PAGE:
A new hydrogen (H2) filling station in Karlsruhe, Germany, adds further impetus to the building of an infrastructure for eco-friendly electric mobility using H2 and fuel cell technology.

The TOTAL filling station on Karlsruhe’s Südtangente ring-road was commissioned on Wednesday in the presence of Norbert Barthle, State Secretary at the Federal Ministry of Transport and Digital Infrastructure. The Ministry supported the construction of the H2 facility with around €970,000 ($1,154,620) under its National Innovation Program for H2 and Fuel Cell Technology (NIP).

This H2 filling station – the eleventh in the TOTAL network and the tenth in the German federal state of Baden-Württemberg – is distinguished by an innovative energy concept: H2 is produced on-site through electrolysis, using the electricity generated by a solar array. This is one example for how renewable energy can be used in transport.

In the Clean Energy Partnership (CEP), the public and private sectors jointly laid the cornerstone for building a network of filling stations in Germany. Daimler is the investor behind the facility in Karlsruhe; the refuelling technology comes from Linde. The station will be operated by H2 MOBILITY, a new joint venture formed by the industry partners Daimler, Air Liquide, Linde, Shell, OMV and TOTAL in order to expand the nationwide hydrogen network to as many as 400 stations by 2023.

Norbert Barthle, State Secretary at the Federal Ministry for Transport and Digital Infrastructure, said, “Our support for the ramp-up of alternative drives is technology-agnostic. We want to be at the forefront of shaping the development. In this process, fuel cells are a key technology in turning the tide towards electromobility. Fewer emissions, quick refuelling, and a long range are the future of electric mobility. Each new H2 filling station takes us one step further in building a nationwide charging infrastructure. This helps us bring more clean vehicles onto our roads and ensure more mobility with fewer emissions.”

Bruno Daude-Lagrave, Managing Director of TOTAL Deutschland GmbH, echoed, “Especially now, just before the International Automobile Exhibition, it is important for us to send a signal for H2 mobility with this service station. Fuel-cell vehicles are environmentally friendly, with long travel ranges and short refuelling times. By using the electricity from a solar array to produce hydrogen, we show how tomorrow’s climate-neutral mobility can work.”


TOTAL has been involved in developing the H2 infrastructure in Germany for 15 years. Other H2 projects at TOTAL are under construction or in planning in Cologne, Ingolstadt, Hamburg, Leipzig, Potsdam, Neuruppin and Hasbergen.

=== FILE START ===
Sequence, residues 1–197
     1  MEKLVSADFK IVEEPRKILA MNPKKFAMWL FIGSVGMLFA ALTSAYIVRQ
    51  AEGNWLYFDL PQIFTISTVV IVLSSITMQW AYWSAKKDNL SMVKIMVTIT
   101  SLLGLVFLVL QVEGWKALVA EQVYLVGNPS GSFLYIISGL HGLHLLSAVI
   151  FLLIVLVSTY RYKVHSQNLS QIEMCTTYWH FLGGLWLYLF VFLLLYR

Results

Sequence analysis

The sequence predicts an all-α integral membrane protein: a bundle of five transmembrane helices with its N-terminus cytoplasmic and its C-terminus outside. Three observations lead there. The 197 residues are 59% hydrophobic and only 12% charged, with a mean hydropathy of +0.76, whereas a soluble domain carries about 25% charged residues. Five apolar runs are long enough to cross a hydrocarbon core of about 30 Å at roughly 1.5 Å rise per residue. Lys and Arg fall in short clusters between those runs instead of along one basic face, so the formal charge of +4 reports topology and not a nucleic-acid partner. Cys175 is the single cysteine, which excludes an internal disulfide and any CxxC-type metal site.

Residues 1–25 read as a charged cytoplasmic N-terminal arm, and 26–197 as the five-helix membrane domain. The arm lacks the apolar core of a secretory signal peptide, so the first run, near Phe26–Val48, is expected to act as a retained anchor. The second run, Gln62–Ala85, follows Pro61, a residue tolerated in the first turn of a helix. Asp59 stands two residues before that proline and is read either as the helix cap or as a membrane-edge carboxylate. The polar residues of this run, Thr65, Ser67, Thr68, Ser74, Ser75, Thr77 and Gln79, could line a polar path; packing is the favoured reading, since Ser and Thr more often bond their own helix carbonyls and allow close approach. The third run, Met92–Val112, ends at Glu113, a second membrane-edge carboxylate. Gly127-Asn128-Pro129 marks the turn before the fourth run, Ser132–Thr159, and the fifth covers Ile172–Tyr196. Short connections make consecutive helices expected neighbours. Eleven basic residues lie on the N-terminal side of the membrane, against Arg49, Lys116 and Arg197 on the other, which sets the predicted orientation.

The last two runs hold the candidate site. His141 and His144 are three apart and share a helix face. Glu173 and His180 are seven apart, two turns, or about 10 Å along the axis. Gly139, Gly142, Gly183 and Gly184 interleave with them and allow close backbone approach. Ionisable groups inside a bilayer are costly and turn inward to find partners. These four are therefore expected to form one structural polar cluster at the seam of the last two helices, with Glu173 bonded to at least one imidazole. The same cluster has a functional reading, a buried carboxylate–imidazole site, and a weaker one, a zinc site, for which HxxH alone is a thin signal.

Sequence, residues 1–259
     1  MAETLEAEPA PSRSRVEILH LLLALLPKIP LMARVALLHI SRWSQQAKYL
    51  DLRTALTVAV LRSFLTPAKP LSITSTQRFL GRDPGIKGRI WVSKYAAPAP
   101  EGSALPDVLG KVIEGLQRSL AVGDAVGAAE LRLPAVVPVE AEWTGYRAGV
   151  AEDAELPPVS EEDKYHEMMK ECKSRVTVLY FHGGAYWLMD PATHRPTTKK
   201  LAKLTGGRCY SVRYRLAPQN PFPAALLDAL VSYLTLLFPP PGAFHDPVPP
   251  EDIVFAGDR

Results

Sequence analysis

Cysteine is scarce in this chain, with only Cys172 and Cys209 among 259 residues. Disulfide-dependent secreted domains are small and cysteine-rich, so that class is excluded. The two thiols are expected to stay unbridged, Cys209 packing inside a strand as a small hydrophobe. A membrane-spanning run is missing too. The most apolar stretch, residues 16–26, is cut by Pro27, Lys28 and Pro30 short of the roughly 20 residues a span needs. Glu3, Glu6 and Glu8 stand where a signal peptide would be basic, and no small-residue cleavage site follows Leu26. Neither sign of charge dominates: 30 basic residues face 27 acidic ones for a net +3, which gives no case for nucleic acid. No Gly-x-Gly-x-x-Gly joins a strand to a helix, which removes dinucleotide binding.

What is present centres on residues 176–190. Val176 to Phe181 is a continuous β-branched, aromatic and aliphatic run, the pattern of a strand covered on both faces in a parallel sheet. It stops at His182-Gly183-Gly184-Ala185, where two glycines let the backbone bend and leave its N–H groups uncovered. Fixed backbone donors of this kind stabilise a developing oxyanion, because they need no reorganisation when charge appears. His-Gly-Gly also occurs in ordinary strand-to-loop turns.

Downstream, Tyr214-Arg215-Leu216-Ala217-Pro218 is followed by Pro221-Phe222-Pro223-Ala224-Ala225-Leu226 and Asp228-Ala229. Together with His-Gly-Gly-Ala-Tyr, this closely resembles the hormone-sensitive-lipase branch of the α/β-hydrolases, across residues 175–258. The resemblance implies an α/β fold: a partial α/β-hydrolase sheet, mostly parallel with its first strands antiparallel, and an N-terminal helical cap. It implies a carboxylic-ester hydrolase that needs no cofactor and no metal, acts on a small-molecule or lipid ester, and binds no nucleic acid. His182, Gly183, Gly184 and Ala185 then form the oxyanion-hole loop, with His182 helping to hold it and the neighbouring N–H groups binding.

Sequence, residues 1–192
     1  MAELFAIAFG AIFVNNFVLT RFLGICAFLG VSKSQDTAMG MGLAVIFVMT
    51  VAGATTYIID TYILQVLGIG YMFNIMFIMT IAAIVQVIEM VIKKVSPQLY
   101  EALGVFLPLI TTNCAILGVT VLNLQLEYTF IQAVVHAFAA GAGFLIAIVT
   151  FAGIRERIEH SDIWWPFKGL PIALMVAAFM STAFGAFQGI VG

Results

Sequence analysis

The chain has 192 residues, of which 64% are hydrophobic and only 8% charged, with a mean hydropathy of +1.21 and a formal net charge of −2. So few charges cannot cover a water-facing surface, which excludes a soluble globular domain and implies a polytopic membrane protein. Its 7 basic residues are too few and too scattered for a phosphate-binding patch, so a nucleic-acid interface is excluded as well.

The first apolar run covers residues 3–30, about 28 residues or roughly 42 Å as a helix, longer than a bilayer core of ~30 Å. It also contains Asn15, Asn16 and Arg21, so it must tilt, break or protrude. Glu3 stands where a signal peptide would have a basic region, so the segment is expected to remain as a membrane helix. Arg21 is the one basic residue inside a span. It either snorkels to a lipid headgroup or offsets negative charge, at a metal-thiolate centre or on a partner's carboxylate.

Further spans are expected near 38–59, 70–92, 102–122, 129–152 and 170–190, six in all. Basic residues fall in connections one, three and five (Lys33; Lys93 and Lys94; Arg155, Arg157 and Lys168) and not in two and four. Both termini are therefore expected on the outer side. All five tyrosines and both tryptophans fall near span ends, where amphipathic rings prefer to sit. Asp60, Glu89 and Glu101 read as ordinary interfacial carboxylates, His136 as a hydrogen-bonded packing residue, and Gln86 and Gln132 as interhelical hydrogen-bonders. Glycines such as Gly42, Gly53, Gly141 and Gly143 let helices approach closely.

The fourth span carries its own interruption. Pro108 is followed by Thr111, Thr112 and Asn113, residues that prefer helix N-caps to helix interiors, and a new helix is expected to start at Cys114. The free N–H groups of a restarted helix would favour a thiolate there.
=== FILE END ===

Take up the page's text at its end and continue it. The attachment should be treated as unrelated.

Christian Mohrdieck, Director of Fuel Cell at Daimler AG, added, “A rapid expansion of the H2 filling station network is especially important to us. The number of H2 petrol stations in Germany will increase rapidly, not least as a result of our H2 MOBILITY joint venture’s concrete development plans, and the everyday mobility of hydrogen mobility will continue to rise.”

H2 MOBILITY is planning to commission further hydrogen filling stations in the months ahead and recently issued a call for proposals for additional filling-station locations: several stations are to be built in regions with the largest potential hydrogen sales for fuel-cell cars (700 bar).

Nikolas Iwan, Managing Director of H2 MOBILITY GmbH & Co. KG, said, “H2 MOBILITY has been tasked with building and operating a H2 infrastructure across Germany. This is unique. Nowhere in the world is there a comparable business initiative that solves the chicken-and-egg problem so sustainably. By the end of 2018, 100 H2 stations will ensure a basic supply. If the introduction of H2 as a fuel is successful and the number of fuel-cell cars continues to grow, we will expand the network to as many as 400 H2 stations by 2023.”

Markus Bachmeier, Head of H2 Solutions at Linde, added, “This is an exciting time for H2 mobility, as both the infrastructure and the range of vehicles are growing by leaps and bounds. Linde will continue to advance the entire spectrum of clean H2 technology – from production to application.”

‘Green H2’ from electrolysis powered by solar energy

This H2 filling station marks the first time that a steam electrolysis plant in flexible operation is used for the production of H2. It is funded by the state of Baden-Württemberg’s BWPLUS program and administered by the European Institute for Energy Research (EIFER). Steam electrolysers are excellent for converting electrical energy into chemical energy. Due to their high operating temperatures of up to 850°C and the possibility of supplying the required energy in the form of heat, significantly higher electrical efficiencies can be achieved than with low-temperature electrolysers.